Paul Solman is an American journalist focused on economics, business, and politics since the early 1970s. He has been the business and economics correspondent for the PBS NewsHour since 1985, with occasional forays into art reporting.[1]

Paul Solman
Solman in 2009
Born (1944-09-09) September 9, 1944 (age 79)
Alma materBrandeis University
EmployerPBS NewsHour

His work has been recognized with eight Emmys, five Peabodys, a Loeb award, and a James Beard award for media.



Solman began his career in business journalism as a Nieman Fellow, studying at the Harvard Business School. A 1966 graduate of Brandeis University, where he edited the weekly newspaper, he was the founding editor of the alternative Boston weekly The Real Paper in 1972. He was the East Coast Editor of Mother Jones magazine in the late 1970s.

He co-authored, with longtime PBS executive and writer Thomas Friedman, Life and Death on the Corporate Battlefield in 1983.[2] He joined The MacNeil/Lehrer NewsHour (now The PBS NewsHour) in 1985.[3] Solman taught at the Harvard Business School from 1985 to 1987.

In 1994, with his professor at Brandeis, sociologist Morrie Schwartz, he helped create—and wrote the introduction to—the book Morrie: In His Own Words, which preceded Tuesdays with Morrie but failed to outsell it by several orders of magnitude.[4]

From 2007 to 2016, he was a faculty member at Yale University's International Security Studies program, teaching in its "Grand Strategy" course.[5] He also lectured for years at the Yale Young Global Scholars [6] program, the Warrior-Scholar program [7] at Yale, has taught at West Point, among many universities, and was the Richman Distinguished Visiting Professor at Brandeis in 2011.[4] He has also taught economics at Gateway Community College in New Haven, Connecticut, where he founded the Yale@Gateway speaker series.

Solman co-produced, with Bob Burns, and presented a series of companion videos to McGraw-Hill economics textbooks.[8]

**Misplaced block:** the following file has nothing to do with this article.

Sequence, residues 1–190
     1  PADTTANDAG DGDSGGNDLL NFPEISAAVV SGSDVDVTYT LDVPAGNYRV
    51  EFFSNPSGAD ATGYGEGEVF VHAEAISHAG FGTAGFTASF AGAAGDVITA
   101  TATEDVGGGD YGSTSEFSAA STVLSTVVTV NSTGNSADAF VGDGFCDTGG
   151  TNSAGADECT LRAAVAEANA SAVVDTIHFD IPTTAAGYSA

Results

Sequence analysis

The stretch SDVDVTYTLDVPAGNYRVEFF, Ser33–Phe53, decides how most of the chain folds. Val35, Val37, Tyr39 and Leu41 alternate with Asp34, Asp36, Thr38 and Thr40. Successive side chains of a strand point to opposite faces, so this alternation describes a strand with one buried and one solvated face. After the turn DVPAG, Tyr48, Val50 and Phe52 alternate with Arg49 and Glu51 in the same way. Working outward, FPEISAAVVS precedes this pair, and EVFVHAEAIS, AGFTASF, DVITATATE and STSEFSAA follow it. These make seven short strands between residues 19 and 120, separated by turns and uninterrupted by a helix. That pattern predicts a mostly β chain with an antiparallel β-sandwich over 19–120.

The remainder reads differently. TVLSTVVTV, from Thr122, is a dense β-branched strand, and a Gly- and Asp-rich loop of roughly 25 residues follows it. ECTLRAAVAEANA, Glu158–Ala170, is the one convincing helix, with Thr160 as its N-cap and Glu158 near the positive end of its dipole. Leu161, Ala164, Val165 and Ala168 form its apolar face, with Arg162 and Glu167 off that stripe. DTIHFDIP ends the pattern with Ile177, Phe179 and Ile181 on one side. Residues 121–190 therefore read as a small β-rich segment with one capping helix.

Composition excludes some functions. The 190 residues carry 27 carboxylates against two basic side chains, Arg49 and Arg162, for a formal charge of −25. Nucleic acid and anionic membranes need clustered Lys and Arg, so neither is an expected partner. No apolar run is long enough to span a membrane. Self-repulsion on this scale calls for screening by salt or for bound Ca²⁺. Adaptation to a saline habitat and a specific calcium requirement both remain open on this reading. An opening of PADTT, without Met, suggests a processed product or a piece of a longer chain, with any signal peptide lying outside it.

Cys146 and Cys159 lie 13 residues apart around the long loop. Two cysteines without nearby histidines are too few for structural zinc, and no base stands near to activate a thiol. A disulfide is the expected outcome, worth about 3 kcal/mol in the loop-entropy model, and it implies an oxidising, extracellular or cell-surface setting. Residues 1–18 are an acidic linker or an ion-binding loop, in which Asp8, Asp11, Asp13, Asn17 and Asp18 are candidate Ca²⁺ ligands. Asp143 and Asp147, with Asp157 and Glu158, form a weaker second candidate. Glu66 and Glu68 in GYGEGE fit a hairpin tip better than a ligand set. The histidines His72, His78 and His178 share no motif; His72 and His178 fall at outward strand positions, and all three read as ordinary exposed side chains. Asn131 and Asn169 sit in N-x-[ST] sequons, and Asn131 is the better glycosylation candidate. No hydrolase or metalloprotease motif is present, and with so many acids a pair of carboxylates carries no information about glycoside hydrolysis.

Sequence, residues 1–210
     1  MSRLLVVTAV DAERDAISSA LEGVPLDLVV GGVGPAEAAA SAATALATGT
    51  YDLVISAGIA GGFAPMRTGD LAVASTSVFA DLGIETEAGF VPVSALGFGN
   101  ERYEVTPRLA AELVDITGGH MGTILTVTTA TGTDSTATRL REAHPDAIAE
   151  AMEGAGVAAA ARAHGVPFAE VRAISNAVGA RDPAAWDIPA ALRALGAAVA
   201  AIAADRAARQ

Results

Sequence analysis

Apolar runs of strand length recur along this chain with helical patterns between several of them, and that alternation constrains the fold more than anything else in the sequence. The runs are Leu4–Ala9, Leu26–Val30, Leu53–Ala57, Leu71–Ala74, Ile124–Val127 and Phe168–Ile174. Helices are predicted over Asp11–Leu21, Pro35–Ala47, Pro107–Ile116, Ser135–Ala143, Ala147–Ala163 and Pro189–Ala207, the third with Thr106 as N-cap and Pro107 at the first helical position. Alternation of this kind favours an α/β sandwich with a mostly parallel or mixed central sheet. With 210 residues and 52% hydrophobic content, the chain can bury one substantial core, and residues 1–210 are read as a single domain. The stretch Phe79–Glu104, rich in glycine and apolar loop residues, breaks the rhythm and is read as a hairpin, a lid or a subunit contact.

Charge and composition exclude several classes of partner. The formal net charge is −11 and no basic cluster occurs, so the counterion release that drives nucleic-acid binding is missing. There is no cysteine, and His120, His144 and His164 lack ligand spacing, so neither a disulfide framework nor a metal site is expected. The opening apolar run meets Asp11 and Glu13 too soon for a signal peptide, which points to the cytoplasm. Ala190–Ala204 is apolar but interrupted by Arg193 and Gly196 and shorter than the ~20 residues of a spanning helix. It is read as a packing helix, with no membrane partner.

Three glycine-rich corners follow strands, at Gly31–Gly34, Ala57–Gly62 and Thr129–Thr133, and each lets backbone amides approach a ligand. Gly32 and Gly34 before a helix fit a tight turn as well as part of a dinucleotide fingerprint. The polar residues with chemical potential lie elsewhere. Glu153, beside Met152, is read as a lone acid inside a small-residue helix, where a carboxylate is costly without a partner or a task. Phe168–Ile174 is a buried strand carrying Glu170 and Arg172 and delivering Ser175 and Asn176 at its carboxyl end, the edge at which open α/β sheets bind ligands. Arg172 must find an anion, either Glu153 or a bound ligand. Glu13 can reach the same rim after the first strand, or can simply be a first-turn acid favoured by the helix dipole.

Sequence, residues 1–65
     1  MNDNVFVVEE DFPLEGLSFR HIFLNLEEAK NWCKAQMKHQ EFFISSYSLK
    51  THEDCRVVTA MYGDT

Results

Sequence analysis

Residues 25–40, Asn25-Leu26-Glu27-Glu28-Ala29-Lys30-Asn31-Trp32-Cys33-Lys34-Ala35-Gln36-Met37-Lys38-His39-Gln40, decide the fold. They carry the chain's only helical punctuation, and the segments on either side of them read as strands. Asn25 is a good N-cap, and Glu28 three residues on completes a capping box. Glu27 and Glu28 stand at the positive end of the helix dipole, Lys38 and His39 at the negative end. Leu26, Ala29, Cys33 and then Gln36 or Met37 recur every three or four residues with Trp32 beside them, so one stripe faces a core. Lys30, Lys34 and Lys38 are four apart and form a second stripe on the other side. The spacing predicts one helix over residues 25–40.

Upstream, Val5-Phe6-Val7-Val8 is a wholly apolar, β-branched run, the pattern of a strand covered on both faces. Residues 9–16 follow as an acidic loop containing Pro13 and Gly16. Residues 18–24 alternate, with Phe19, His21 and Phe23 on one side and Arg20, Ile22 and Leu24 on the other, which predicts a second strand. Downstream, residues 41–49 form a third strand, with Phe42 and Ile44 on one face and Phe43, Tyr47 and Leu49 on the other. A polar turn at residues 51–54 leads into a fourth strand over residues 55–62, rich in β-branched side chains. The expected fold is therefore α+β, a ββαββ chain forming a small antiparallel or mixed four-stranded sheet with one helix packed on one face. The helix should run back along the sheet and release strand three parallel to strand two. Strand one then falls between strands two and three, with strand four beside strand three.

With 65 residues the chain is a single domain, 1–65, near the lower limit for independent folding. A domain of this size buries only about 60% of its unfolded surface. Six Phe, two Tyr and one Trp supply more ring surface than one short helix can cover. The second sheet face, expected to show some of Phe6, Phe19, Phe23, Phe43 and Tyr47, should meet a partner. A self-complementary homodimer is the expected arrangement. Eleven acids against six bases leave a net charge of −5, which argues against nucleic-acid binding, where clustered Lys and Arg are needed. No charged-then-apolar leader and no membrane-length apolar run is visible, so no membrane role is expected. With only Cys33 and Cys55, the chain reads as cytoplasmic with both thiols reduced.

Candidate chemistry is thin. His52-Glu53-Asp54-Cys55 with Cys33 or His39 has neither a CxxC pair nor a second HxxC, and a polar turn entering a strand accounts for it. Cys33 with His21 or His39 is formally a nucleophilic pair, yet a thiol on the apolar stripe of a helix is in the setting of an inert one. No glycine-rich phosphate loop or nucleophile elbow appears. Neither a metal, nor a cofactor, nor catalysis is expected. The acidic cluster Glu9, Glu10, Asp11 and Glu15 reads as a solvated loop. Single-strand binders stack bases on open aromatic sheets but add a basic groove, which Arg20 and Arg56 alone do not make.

His 2015 book Get What's Yours: The Secrets to Maxing Out Your Social Security, a collaboration with economist Laurence Kotlikoff and author Philip Moeller, was a bona fide bestseller; the book was reissued in May 2016 due to changes in Social Security regulations.[9]

Solman was a visiting fellow at Mansfield College, Oxford University in 2016.

With his former Yale student David McCullough and longtime Harvard professor Robert Glauber, Solman created the American Exchange Project in 2018, a nonpolitical nonprofit domestic "foreign exchange" program that introduces high school seniors from everywhere in America to each other and sends and embeds them, for free, in communities utterly unlike their own. [10] [11] Solman chairs the board and is an active recruiter of communities and support.

Personal life


Solman is married to Jan Freeman, a former language columnist for The Boston Globe. He has two grown daughters and seven grandchildren.

His father Joseph Solman was a painter and co-founder of The Ten art movement.[12]

Awards (partial)



  1. ^ "Paul Solman | Author". PBS NewsHour.
  2. ^ Schreiber, Le Anne (January 3, 1983). "Books of the Times: Life and Death on the Corporate Battlefield". The New York Times. p. C17. Retrieved November 1, 2020.
  3. ^ Joanne Kaufman (September 23, 2008). "His Pie Charts Bear Real Fruit: Making Economics Accessible". The Wall Street Journal.
  4. ^ a b "Paul Solman". Business Insider.
  5. ^ Yale IIS. "Yale International Security Studies Faculty and Staff" Retrieved on July 13, 2014.
  6. ^ "Welcome | Yale Young Global Scholars".
  7. ^ "Warrior Scholar Project".
  8. ^ "Whatever Happened to 'Discover Economics with Paul Solman'?". PBS NewsHour. August 30, 2012.
  9. ^ Kotlikoff, Laurence; Moeller, Philip; Solman, Paul (2015). Get What's Yours. Simon and Schuster. ISBN 9781476772318.
  10. ^ "Explore America for Free with AEP". AEP.
  11. ^ "From Silicon Valley to Muskogee, Oklahoma: Can exchange program help bridge the ideological divide among teens from opposite ends of the country?". 17 July 2023.
  12. ^ Feeney, Mark (April 18, 2008). "Joseph Solman, preeminent painter at crossroads of 20th-century American art". The Boston Globe.
  13. ^ Lowe, Mary Ann (June 27, 2006). "2006 Gerald Loeb Award Winners Announced by UCLA Anderson School of Management". UCLA. Archived from the original on February 2, 2019. Retrieved February 1, 2019.